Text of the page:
One of the most ancient alchemical quests involves the search for alkahest, a universal solvent.

The definition of alkahest varies from from one alchemist to another.  To some, alkahest is a solvent that will reduce composed material into its component parts.

This type of alkahest would be particularly useful to alchemists  who wish to redefine magic on their terms.  In theory, they could break magical potions down into components, measure the proportions, and mix identical potions that would have the same effect.  Early attempts have been disappointing, but they have raised intriguing new questions as to why the reconstructed potions do not have the same effect as the original.  Some alchemists postulate that the potion’s elements can be broken into into even more basic substances–substances not yet discovered or defined.  Others believe there is an unidentified component, something common to all such potions, that, if isolated, could become a source of enormous power.  Still others believe the fault lies with the alkahest and continue to refine the solvents used.

Most alchemists consider these studies fanciful, if not downright heretical.  Accepted wisdom states that a universal solvent is impossible. The alkahest conundrum points out that before a universal solvent can be compounded, one must first find a container that it will not dissolve.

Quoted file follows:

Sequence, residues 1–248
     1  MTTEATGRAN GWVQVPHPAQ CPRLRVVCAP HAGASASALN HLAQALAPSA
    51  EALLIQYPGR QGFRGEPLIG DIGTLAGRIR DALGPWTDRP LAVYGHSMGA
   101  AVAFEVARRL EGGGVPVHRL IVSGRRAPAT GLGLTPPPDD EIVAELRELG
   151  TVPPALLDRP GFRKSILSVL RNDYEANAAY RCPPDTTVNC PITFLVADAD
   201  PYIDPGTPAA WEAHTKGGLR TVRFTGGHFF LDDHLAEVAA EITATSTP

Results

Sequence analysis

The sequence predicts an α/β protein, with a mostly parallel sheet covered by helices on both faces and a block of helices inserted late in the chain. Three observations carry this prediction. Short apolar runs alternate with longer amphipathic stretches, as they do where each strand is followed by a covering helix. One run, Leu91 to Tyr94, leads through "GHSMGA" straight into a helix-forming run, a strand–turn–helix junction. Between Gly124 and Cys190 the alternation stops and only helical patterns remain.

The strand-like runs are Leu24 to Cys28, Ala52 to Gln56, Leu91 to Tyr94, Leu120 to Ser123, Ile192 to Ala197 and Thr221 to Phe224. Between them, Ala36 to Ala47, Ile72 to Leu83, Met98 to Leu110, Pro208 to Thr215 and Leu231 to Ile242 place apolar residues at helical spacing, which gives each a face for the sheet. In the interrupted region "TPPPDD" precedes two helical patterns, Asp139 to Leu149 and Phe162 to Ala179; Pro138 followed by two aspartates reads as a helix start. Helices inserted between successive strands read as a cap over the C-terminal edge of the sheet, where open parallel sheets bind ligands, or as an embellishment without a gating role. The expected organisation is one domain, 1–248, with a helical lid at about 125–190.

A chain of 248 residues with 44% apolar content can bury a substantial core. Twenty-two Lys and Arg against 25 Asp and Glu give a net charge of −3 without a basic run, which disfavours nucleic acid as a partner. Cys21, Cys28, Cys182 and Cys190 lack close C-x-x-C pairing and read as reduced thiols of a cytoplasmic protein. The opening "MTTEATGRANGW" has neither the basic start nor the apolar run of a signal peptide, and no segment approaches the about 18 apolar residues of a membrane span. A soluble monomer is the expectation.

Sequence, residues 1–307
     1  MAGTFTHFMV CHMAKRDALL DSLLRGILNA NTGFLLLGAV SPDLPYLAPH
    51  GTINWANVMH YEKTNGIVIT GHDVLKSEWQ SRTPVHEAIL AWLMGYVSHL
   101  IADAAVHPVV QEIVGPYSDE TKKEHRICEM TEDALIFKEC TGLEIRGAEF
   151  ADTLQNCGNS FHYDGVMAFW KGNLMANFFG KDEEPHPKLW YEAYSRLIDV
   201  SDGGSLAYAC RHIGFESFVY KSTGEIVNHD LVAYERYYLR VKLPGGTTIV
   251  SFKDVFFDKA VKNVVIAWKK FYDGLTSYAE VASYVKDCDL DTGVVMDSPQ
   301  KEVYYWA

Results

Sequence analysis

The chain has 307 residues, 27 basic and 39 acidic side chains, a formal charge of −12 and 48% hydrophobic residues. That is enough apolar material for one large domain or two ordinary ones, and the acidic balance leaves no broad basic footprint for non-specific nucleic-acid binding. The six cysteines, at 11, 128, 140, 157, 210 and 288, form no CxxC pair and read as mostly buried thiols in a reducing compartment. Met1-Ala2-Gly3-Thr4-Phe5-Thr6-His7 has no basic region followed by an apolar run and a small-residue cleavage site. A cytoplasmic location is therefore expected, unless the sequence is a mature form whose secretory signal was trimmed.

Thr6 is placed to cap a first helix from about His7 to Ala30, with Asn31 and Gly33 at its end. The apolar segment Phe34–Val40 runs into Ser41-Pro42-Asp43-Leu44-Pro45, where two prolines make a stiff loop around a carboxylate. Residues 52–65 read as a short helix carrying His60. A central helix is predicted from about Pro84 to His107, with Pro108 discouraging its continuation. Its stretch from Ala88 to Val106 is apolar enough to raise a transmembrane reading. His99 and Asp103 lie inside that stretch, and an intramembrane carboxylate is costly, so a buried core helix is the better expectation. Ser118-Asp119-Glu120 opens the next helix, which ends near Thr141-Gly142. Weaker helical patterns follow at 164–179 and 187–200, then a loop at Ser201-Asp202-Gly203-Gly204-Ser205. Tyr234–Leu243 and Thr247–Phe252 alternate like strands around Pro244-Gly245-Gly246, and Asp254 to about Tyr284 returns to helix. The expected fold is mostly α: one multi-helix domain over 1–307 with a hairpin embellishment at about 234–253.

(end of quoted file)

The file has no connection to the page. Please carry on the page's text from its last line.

The alkahest conundrum is generally regarded as one of those questions alchemists regard as an exercise of reason and everyone else considers pure nonsense.  This is not to say that alchemists don’t research solvents:  They do, and some of these compounds have powerful applications in medicine, art, and warefare.

There are, however, a few on the fringes of alchemy who still seek the theoretical ideal.

One such alchemist, a man who is known only as Avidan and only to a very few people, has made great strides toward true alkahest.  His success is based largely on his choice of container:  a dragon’s tooth.  Avidan argues that alkahest is specific to the realm in which it is compounded. Dragons, being creatures from another realm, are not affected.

Flasks made from ancient dragon teeth are not difficult to find in Sevrin, when antiquities and curiosities are a cultural passion.  Thanks to his friendship with Fox Winterborn, a skilled thief, Avidan possesses the finest collection of dragon teeth in the city.

Avidan believes he could do better still if he could find a living dragon.  Since no dragons have been seen for many human generations, Avidan’s friends view this goal as yet more evidence that the alchemist is as crazy as three caged squirrels.


Scribe’s note:

The dragon tooth flask pendant depicted is the work of the artists at Remnants of Olde. For more information, including how to purchase such an artifact for your own nefarious purposes, please follow this link.